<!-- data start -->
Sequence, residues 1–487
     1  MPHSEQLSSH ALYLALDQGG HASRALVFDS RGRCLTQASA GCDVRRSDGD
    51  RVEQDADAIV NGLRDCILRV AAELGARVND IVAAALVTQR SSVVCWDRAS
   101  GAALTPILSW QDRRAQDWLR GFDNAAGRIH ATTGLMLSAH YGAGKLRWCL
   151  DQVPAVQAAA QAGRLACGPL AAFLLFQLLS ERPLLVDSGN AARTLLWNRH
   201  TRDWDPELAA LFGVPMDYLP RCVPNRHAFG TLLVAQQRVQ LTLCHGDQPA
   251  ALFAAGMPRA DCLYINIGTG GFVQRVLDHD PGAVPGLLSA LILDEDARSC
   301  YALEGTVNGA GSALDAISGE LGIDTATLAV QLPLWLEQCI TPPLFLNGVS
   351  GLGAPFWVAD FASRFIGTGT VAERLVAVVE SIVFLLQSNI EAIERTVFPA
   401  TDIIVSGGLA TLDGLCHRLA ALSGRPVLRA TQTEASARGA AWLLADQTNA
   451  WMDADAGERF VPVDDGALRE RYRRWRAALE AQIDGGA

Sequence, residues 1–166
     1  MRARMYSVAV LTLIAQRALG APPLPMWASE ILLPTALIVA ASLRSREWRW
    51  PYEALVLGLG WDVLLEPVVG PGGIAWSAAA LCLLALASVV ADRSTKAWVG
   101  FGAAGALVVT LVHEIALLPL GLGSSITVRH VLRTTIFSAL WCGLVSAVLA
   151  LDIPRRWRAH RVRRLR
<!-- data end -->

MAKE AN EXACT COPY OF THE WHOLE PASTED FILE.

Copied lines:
Sequence, residues 1–487
     1  MPHSEQLSSH ALYLALDQGG HASRALVFDS RGRCLTQASA GCDVRRSDGD
    51  RVEQDADAIV NGLRDCILRV AAELGARVND IVAAALVTQR SSVVCWDRAS
   101  GAALTPILSW QDRRAQDWLR GFDNAAGRIH ATTGLMLSAH YGAGKLRWCL
   151  DQVPAVQAAA QAGRLACGPL AAFLLFQLLS ERPLLVDSGN AARTLLWNRH
   201  TRDWDPELAA LFGVPMDYLP RCVPNRHAFG TLLVAQQRVQ LTLCHGDQPA
   251  ALFAAGMPRA DCLYINIGTG GFVQRVLDHD PGAVPGLLSA LILDEDARSC
   301  YALEGTVNGA GSALDAISGE LGIDTATLAV QLPLWLEQCI TPPLFLNGVS
   351  GLGAPFWVAD FASRFIGTGT VAERLVAVVE SIVFLLQSNI EAIERTVFPA
   401  TDIIVSGGLA TLDGLCHRLA ALSGRPVLRA TQTEASARGA AWLLADQTNA
   451  WMDADAGERF VPVDDGALRE RYRRWRAALE AQIDGGA

Sequence, residues 1–166
     1  MRARMYSVAV LTLIAQRALG APPLPMWASE ILLPTALIVA ASLRSREWRW
    51  PYEALVLGLG WDVLLEPVVG PGGIAWSAAA LCLLALASVV ADRSTKAWVG
   101  FGAAGALVVT LVHEIALLPL GLGSSITVRH VLRTTIFSAL WCGLVSAVLA
   151  LDIPRRWRAH RVRRLR